child{ node {Chemically combined water}}
            };
    \end{tikzpicture}
\end{figure}

\end{document}

Concluding, If you know the solution to these two issues (node overlapping and mindmap style not working) or you know a better way to draw mindmaps (with automatic node positioning) altogether please let me know. Thank you!

2
  • take a look at this and this
    – JeT
    Jan 12, 2023 at 14:21
  • Thanks for the comment, those are pretty interesting posts. But it is still not what I wanted. (It is most likely that what i want is not implemented in tikz anyway) Jan 18, 2023 at 17:55

2 Answers 2

3

The graphdrawing algorithms provide various possibilities for doing this. Here, a spring electrical layout is used. The alignment commands applicable to other graphdrawing algorithms don't work here so to vertically align one of the child nodes (I chose Solids in the cement paste) with the central node (Portland cement paste), those nodes have to be fixed on the canvas with nail at. Generally, electric charge (here=10) manipulates the distance between the Portland cement paste node and its child nodes. The separation between the leaves of the graph, avoiding the OP's overlap issues, can be manipulated with electric force order. Node and edge styling can be set in the tikzpicture options in the usual manner providing a lot of flexibility.

\documentclass[tikz,border=3pt,12pt]{standalone}

\usetikzlibrary{graphs, graphdrawing, shapes.geometric}
\usegdlibrary{force}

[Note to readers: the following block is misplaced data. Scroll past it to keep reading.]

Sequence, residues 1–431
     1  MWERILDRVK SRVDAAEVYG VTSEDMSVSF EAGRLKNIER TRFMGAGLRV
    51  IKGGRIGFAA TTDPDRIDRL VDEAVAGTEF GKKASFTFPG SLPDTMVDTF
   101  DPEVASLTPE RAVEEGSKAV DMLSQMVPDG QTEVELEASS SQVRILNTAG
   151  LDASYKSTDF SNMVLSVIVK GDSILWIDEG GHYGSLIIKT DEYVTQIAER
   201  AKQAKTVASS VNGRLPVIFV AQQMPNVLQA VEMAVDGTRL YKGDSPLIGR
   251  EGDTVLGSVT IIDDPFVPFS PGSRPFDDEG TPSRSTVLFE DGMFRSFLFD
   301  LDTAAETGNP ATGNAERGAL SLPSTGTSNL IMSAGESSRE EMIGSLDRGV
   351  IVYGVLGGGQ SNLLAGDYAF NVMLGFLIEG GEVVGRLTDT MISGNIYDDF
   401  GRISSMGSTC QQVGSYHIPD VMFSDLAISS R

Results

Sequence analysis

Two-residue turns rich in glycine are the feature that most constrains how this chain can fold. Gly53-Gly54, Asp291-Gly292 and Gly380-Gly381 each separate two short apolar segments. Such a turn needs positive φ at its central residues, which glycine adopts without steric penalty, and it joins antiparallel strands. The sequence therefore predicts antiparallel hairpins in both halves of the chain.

\usepackage{chemformula}

\usepackage{helvet}
\usepackage[T1]{fontenc}
\renewcommand*\familydefault{\sfdefault}

\begin{document}

\begin{tikzpicture}
\graph[
        random seed=10,
        spring electrical layout,
        node distance=3cm,
        cooling factor=0.9,
        electric charge=10, % separation of the parent nodes
        electric force order=1.5, % separation of the child nodes
        coarsen=4,
        iterations=100,
        edges={>=Stealth,line width=2.5pt, color=gray},
        nodes={draw, circle, very thick,font=\sffamily\large,text=black,
        minimum size=3cm, inner sep=1pt, align=center, text depth=0.25ex}
    ]
    {
    "Solids in\\the cement\\paste"[nail at={(0,0)}] <- {"C-S-H",
                                       "\ch{Ca(OH)2}",
                                       "$ \mathsf{C_6A\bar{S}_3H_{32}} $\\and\\$ \mathsf{C_6A\bar{S}H_{18}} $",
                                       "Unhydrated\\p. cement\\grains"
                                     };
                                
    "Voids in\\the cement\\paste" <- {"Interlayer\\space\\in C-S-H",
                                      "Capillary\\voids",
                                      "Air voids"
                                     };

    "Water in\\the cement\\paste" <- {"Capillary\\water",
                                      "Physically\\absorbed\\water",
                                      "Interlayer\\water",
                                      "Chemically\\combined\\water"
                                    };
                                    
    "Portland\\cement\\paste"[nail at={(0,-6)}] <- {"Solids in\\the cement\\paste",
                                  "Water in\\the cement\\paste",
                                  "Voids in\\the cement\\paste"
                                 };
};
\end{tikzpicture}

\end{document}

enter image description here

3
  • 1